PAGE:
1.) First off, put fuel in both your diesel tanks. Ford installed all fuel pickups to have these terrible plastic saucers in the tank that fall off. They are commonly referred to as the “cones of failure.” When these break, they don’t reach down into the last quarter of the tank, and even though your fuel gauge shows you have some fuel, anything under 1/4 is effectively “empty.” So put a few gallons of fuel in BOTH tanks, bringing up your fuel level to something the pickups can reach. Why both tanks? Sometimes your fuel selector valve may be stuck on one side, thus only pulling fuel from one tank. If you have one tank full and one tank empty, and the valve is stuck on the empty tank, the gauge will still read as if it is pulling from the full tank. By putting fuel in both, you can at least get your IDI running, and then you can troubleshoot the valve later. Also, some selector valves are water tight, but not always air tight; this means when there is an empty tank, it might suck a little air thru the empty side which creates some air infiltration and weaker running engine. By leaving a gallon of fuel in there, it always keeps the empty side a little lubricated and properly sealed up.
2.) Carefully inspect all your fuel hoses and lines up to the filter head. Look for tears or holes in the lines. You might see seepage or drips from hoses that have a tear or bad seal. A hole in a fuel line before the lift-pump will mean the pump will pull from the path of least resistance, and that usually means air is easier to pull than fuel in a tank.
3.) Replace the Diesel Filter. When replacing the filter, always refill the darn thing with diesel, because it saves a lot of cranking.
4.) Check if you have unclogged fuel lines. Knowing you have a full tank and undamaged hoses, disconnect the inlet hose on your lift-pump (location described in the next sub-section) and put a brake-line bleeder on it.
Try pulling a vacuum.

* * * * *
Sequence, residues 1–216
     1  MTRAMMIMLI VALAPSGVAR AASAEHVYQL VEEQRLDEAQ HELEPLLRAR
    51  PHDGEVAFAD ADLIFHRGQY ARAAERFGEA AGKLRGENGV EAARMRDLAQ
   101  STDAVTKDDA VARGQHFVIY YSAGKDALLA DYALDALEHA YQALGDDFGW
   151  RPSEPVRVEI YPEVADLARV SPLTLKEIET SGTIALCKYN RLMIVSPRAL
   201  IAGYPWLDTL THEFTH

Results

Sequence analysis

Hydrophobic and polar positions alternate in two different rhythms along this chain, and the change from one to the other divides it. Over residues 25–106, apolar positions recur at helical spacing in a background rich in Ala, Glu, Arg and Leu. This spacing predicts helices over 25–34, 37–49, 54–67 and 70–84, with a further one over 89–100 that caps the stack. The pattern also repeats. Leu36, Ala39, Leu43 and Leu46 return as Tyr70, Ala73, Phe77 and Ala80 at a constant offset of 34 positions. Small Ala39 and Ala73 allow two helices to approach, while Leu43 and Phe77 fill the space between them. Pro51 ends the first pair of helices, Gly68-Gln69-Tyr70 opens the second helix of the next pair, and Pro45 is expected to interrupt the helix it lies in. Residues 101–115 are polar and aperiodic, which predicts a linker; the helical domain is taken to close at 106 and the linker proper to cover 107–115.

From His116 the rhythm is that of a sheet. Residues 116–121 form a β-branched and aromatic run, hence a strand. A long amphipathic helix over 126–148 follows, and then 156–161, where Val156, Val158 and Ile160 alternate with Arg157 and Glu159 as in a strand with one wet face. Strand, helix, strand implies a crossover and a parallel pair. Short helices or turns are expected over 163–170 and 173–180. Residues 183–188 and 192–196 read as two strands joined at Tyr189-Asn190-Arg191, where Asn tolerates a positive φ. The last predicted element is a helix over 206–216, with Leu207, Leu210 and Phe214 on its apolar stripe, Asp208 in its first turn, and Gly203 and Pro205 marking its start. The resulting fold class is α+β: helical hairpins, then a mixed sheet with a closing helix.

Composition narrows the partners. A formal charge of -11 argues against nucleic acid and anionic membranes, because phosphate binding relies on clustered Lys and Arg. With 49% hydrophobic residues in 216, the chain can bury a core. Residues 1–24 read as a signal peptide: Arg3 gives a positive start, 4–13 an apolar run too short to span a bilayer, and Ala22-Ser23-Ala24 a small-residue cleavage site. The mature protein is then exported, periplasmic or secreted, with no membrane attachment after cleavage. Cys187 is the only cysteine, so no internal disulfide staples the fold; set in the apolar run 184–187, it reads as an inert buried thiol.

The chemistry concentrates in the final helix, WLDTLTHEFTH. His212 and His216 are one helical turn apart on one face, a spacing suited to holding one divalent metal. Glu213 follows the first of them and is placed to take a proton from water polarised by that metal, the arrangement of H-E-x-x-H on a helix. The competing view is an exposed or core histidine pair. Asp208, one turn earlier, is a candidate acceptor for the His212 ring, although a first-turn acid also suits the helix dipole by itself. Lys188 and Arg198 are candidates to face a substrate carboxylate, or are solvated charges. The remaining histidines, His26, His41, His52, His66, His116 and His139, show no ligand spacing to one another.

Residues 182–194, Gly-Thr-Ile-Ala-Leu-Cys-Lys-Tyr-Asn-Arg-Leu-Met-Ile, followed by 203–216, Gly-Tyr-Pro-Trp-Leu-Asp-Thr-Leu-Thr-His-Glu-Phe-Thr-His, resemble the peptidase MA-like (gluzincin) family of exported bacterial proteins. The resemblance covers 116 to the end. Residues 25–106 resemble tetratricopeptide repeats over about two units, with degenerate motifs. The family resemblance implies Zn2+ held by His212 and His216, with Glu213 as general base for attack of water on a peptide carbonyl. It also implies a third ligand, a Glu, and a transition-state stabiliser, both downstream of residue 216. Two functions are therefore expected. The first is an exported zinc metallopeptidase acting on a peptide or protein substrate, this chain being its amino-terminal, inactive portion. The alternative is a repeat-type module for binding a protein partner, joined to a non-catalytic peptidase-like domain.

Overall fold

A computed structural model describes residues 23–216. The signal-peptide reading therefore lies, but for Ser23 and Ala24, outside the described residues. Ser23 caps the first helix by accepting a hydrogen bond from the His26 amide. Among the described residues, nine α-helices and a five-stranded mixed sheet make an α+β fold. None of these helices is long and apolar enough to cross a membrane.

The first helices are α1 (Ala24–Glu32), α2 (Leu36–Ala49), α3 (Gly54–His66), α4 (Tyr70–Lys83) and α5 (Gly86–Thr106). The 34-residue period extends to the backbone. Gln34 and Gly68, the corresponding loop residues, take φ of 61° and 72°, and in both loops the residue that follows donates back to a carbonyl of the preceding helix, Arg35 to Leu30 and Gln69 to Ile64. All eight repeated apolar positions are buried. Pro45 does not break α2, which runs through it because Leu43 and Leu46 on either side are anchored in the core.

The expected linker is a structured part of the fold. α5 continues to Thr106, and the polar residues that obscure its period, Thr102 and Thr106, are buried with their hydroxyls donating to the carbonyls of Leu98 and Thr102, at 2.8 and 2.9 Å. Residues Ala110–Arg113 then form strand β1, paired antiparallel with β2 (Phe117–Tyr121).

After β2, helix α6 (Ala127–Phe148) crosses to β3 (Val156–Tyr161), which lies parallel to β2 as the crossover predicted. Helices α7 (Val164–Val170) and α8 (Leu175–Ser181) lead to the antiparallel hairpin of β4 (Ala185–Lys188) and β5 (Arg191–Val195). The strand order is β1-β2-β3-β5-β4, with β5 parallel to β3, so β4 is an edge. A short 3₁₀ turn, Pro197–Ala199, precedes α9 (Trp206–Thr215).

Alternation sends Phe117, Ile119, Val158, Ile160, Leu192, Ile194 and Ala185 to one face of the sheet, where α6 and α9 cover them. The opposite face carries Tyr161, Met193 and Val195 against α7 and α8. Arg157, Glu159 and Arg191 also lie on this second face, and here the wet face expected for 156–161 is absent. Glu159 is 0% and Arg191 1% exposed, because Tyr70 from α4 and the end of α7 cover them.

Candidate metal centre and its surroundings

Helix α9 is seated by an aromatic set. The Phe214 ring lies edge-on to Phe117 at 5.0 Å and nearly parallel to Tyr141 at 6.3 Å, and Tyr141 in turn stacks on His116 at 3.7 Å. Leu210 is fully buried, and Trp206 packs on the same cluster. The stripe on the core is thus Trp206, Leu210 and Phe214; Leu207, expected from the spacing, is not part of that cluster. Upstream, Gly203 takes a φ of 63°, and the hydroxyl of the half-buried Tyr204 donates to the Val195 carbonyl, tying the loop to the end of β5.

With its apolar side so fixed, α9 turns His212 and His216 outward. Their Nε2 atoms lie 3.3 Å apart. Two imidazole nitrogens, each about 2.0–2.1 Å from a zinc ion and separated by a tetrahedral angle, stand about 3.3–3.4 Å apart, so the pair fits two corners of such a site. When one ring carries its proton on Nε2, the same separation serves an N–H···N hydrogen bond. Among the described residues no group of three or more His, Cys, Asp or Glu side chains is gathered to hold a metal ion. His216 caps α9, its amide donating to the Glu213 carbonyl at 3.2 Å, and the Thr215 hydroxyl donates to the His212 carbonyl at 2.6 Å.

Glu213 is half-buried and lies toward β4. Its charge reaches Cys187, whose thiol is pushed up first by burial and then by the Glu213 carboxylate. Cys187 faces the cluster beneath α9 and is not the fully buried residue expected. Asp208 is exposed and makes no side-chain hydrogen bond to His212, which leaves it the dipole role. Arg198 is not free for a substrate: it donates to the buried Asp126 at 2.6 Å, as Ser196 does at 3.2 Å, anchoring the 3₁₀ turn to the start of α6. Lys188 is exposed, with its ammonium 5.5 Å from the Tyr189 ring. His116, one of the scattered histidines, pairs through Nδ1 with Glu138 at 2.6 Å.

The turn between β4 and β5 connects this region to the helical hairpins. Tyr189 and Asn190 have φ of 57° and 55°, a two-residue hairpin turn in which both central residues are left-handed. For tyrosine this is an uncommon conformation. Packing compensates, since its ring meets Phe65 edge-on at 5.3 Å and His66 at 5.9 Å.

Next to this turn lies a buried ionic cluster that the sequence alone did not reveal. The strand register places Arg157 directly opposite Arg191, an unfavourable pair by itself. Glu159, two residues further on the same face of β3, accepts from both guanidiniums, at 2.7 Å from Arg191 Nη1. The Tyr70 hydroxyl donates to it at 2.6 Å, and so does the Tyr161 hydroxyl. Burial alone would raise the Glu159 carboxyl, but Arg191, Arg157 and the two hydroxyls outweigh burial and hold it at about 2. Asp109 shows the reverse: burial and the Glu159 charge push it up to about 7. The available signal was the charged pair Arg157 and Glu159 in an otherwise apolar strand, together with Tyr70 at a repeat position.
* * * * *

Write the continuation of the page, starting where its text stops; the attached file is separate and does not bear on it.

a.) If it doesn’t build pressure and no fuel arrives in the reservoir, then you have a rupture somewhere. Air is leaking into the system.
b.) If it doesn’t build pressure but fuel quickly enters the bleeder reservoir, then you are good to go; move on to the next sub-section.
c.) If it builds a vacuum and you don’t get any fuel, then you have a pinched or kinked line somewhere, or a clog in the fuel system or fuel pickup, or the selector valve is stuck in the middle. This is the worst of all scenarios because it requires a lot of inspecting and tearing down.
5.) Check the efficacy of your lift-pump. On the passenger side of the IDI block is a small pump that is driven by the camshaft. There is an inlet bib and outlet bib. Stick a meter-long section of hose on the outlet and put the end of the hose in a bucket. Crank over the engine. If you don’t get fuel in the bucket, then your pump is likely busted. Don’t fret. Replacing a bad lift pump is a pretty simple job and you don’t even have to drain the crankcase to accomplish it. Also, this might be a prudent time to replace the mechanical lift pump with a spiffy new Duralift 7-9psi or 9-11.5psi electronic pump (e-pump). The e-pump has many advantages over the lift pump, which I will detail in a future article.
6.) If all these have been tested and you still don’t get fuel to the Schroeder Valve, check the metal fuel line from the lift pump to the filter head. You can easily undo the ends and blow thru it.
7.) This involves a lot more work, but you can try dropping the tank and inspecting the tank and its pickups. I have two articles explaining the drop process for the center and rear tanks. Sometimes the fuel pickup bibs on top of the tank can get weak seals, and those can introduce air into the system, like in the image to the right.
Hopefully these steps have aided you in troubleshooting your fuel system.
Getting fuel to the Schroeder valve but the engine still doesn’t start? Check out this follow-up article: